As we head towards Thanksgiving, let’s take some time to pause and appreciate what we may be taking for granted. Soak in the next rainbow you see and take some time to dip your toes into the ocean. Really listen to your loved one when they are speaking to you. Give thanks for being able to get out of bed and for being able to see those rainbows! Know that this day truly is a gift.

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Kwajalein…the rock

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The divine within...

When I first heard the quote that “We are not human beings having a spiritual experience, but spiritual beings having a human experience,” I was genuinely moved. It resonated with me on such a profound level. Through my yoga and meditation practice, I developed a deeper understanding of what it means to live from this perspective. In a consumeristic society and culture that places so much emphasis on the physical and material, it’s often difficult to remember that we are spiritual beings.

Meditation can help reduce our stress and it can also bring us into the present moment connecting us with the divine. It can help us understand our eternal nature. It can remind us of what is most important in this chaotic world.


So, take a deep breath and give yourself an internal hello. When you hear that “hello” back, know that you are connected to the essence of who you are.

See you tonight where we continue to focus on connecting into our higher selves. And as our friends in Nepal say—“Namaste;” the divine in me recognizes the divine in you.


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Happy Discover's Day!

Happy Discoverer’s Day! 

Rather than looking outside to discover what is out there in the world, take a moment to look within—the path of self discovery can be much more fulfilling and a huge awakening for you. This can bring your life so much more meaning…than moving through life unconsciously.

Rumi says, “You have no need to travel anywhere. Journey within yourself, enter a mine of rubies and bathe in the splendour of your own light.” Take a moment to sit in nature or put on your favorite music and get in touch with the divine that is inside of each of you. Find that place of peace in your intuitive center. Delight in what you may find.


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Appreciating Death....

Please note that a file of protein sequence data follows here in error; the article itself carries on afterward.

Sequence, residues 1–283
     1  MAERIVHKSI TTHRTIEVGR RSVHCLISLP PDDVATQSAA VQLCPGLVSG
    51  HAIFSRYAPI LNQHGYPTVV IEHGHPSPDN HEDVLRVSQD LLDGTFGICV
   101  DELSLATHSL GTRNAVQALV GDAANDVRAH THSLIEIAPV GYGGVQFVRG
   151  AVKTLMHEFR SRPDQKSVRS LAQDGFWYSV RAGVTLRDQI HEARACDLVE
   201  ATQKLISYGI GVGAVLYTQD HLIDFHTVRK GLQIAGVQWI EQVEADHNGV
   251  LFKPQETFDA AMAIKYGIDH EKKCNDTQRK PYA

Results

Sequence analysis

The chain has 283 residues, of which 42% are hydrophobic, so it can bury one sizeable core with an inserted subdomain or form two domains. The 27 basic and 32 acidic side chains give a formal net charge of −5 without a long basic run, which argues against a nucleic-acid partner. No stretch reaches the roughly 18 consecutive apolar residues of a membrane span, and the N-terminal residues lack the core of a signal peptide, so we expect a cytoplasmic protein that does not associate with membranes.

Yesterday a good friend’s husband was stung by two wasps. He had a reaction that sent him to an almost seizure like state. It was terrifying for her and her 16 year old daughter, as this had never happened before and they feared he may die. After a 911 call and a day spent in the ER, we were all grateful for his recovery and healthy prognosis.

Sometimes it takes moments like this to appreciate all that we have. Death can be our greatest teacher, yet we live in a culture where it is uncomfortable to talk about, let alone admit the fact that we are all going to die at some point. Death teaches us how precious life is. None of us know when it will be our turn to take our last breath. If you knew you had a week left to live, what would you be doing differently in your life right now?

Michael Singer, author of The Untethered Soul, says, “Learn to live as though you are facing death at all times, and you’ll become bolder and more open. If you live life fully, you won’t have any last wishes. You will have lived them every moment. Only then will you have fully experienced life and released the part of you that is afraid of living."

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Really listening...

Last year my PCF meditation buddy, Julie, (who was very resistant to mediation to begin with!) came to class after two months with a big AHA moment for herself. She was eager to share with us that for the first time in her life she felt like she was REALLY listening to whomever she was talking to. She realized that by listening, she was being present in a whole new way. I was so excited for her as that is one of the benefits from meditation—however, it took me years to understand that and for Julie it only took two months.